How Planned Parenthood controversy killed a US veterans fertility bill

A bill that would have helped wounded American vets start families was withdrawn after new amendments that would bar the Veterans Affairs from working with 'organizations that take human aborted babies' organs and sell them.'

Carolyn Kaster/AP/File
Patty Murray, D-Wash., looks to members of the media as she speaks to media after a policy luncheon on Capitol Hill in Washington on July 8, 2015.

The ongoing controversy over Planned Parenthood’s fetal-tissue practices has temporarily killed a bill that would have helped military veterans receive fertility treatments and counseling.

Democrat Sen. Patty Murray from Washington State abruptly pulled her bill from the Senate Veteran’s Affairs Committee after her Republican counterpart Sen. Thom Tillis of North Carolina proposed some amendments to the bill, Washington Post reported.

The Women Veterans and Families Health Services Act of 2015, introduced by Senator Murray last February, is a bipartisan bill that offers "fertility treatment and counseling, including through the use of assisted reproductive technology, to a spouse, partner, or gestational surrogate of a severely wounded, ill, or injured member of the Armed Forces who has an infertility condition incurred or aggravated while serving on active duty in the Armed Forces."

The bill was expected to proceed through the Senate Veterans Affairs Committee on Wednesday, but Murray withdrew the bill after Senator Tillis proposed amendments, including one that Tillis said would bar the Department of Veterans Affairs from working with "organizations that take human aborted babies' organs and sell them."

While it was not mentioned explicitly, Tillis was clearly referring to Planned Parenthood, which is in the midst of a controversy after an anti-abortion group accused the organization of profiting from fetal tissue.

An undercover video, made by anti-abortion activists, shows Planned Parenthood's senior director of medical services discussing procedures for providing fetal tissue to researchers. Planned Parenthood, which donates the tissue for scientific research, says the only money it receives are small reimbursements for processing and transportation costs.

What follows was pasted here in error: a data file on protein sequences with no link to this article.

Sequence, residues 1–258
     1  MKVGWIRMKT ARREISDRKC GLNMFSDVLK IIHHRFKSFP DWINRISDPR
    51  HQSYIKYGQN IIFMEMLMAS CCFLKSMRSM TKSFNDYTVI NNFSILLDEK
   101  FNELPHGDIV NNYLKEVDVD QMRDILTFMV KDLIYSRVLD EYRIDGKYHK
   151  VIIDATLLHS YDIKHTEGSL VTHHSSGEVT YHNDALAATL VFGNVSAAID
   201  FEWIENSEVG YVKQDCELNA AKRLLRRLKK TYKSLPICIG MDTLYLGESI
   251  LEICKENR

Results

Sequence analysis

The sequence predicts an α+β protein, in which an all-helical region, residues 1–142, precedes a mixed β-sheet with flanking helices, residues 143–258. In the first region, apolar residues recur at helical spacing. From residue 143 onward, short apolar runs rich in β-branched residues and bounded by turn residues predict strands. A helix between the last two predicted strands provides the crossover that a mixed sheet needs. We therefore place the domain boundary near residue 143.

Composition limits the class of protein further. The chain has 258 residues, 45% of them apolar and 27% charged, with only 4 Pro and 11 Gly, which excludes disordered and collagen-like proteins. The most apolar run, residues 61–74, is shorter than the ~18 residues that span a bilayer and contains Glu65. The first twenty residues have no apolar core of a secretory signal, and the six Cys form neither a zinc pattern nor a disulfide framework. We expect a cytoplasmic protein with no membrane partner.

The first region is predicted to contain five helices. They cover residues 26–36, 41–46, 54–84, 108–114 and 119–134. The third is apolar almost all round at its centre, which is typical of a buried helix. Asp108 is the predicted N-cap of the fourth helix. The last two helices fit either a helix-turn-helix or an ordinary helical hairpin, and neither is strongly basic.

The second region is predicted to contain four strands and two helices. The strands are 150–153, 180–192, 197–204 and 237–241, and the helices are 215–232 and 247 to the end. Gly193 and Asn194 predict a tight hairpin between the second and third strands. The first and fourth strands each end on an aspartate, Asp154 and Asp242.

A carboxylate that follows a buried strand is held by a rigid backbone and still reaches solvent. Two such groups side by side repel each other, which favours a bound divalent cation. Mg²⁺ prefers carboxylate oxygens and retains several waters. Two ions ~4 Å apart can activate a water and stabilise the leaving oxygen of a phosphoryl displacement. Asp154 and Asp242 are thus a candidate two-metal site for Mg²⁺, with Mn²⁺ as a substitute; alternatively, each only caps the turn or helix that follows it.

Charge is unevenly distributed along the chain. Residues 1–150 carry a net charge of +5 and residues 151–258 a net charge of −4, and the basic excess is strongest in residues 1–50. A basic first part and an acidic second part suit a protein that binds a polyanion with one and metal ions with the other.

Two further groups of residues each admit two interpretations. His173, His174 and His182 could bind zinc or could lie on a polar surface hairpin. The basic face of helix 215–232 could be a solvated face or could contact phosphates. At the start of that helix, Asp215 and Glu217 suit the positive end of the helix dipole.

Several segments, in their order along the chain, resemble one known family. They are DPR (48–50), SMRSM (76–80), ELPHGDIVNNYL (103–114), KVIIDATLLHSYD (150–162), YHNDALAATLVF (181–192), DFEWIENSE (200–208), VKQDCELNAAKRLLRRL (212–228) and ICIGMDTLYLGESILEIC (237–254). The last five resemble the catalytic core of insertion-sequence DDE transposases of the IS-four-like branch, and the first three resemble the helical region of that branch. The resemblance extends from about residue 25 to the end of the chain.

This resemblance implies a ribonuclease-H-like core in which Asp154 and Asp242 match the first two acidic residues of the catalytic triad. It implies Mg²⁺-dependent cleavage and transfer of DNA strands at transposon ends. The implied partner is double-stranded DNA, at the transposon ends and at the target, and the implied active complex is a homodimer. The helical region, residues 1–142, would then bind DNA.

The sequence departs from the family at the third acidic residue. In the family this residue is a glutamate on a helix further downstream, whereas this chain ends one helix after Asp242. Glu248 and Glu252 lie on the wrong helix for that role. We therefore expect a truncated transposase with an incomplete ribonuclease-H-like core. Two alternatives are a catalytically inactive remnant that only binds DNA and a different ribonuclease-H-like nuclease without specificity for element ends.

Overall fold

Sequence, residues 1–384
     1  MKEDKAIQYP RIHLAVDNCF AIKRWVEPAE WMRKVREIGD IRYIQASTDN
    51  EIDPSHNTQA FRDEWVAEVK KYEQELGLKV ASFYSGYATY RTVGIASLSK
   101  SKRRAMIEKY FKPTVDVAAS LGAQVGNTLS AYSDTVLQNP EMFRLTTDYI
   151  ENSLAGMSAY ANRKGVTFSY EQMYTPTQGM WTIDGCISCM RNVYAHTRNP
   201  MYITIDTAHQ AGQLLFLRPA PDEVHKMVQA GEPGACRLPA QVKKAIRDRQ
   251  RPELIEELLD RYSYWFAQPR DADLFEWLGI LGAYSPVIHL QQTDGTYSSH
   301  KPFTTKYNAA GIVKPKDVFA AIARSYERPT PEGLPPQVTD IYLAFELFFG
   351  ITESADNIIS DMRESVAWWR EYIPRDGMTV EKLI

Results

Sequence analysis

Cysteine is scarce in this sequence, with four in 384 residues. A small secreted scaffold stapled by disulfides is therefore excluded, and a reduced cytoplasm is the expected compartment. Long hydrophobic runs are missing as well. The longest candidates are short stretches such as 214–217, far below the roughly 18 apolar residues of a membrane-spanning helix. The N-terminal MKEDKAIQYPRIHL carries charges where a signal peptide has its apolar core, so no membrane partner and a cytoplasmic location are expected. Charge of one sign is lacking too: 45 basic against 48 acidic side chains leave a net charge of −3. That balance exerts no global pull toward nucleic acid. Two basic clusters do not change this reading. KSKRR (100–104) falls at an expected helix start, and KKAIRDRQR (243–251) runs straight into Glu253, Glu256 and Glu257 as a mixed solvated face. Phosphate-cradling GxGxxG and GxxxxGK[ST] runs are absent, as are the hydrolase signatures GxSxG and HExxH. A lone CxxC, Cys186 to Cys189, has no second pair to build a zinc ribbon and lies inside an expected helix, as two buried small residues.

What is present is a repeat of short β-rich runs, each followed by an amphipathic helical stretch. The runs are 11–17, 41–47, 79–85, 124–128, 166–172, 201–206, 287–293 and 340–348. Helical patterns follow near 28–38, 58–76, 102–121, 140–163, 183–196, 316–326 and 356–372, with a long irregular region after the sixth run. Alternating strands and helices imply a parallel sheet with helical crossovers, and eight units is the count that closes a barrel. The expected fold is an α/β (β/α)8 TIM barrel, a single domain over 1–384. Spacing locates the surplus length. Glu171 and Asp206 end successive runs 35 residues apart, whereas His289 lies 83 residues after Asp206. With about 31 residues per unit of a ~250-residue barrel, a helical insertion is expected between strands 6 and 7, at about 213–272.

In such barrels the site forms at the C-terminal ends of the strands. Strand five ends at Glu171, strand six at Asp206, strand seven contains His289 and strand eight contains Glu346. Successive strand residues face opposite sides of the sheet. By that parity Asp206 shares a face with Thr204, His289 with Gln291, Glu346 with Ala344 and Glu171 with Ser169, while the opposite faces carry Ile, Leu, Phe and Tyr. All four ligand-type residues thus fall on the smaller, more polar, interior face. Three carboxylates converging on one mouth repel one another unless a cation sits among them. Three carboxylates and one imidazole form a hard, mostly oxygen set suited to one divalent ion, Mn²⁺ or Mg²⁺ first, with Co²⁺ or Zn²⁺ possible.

On Wednesday while presenting his amendments, Tillis said issues such as veteran unemployment, veteran suicide prevention, and exposure to toxic substances are the most pressing problems for veterans. "It may make sense to add another half-a-billion dollars for this medical treatment,” he said, referring to Murray’s bill. “But not until we're absolutely certain that the promises we've already made are going to be fulfilled."

Murray on the other hand accused Republicans of trying to “attack women’s health care” with “just a few poison pill amendments,” Fusion reported.

“Don’t pull veterans into the middle of it,” she said according to Washington Post. “Don't take something that should be above politics, our sacred duty to our veterans, pull it down into the muck of petty politics. It is not fair to veterans and their families who have been hoping and praying for the opportunity to have children.”

After the bill’s withdrawal from the Senate, the nonprofit “Paralyzed Veterans of America” expressed its disappointment in a statement:

Shame on those who have placed political ideology ahead of the needs of veterans with catastrophic disabilities, particularly those with spinal cord injury or disease.... If a member of Congress wants to debate the moral issues they believe supersede the need to do the right thing for these men and women who have sacrificed so much, we suggest that they meet these men and women face-to-face and explain to them why they cannot support this legislation.

The proposed bill would have ended the 23-year ban on the Veterans' Authority covering in-vitro fertilization (IVF) procedures.

Murray vowed to keep fighting on behalf of veterans.

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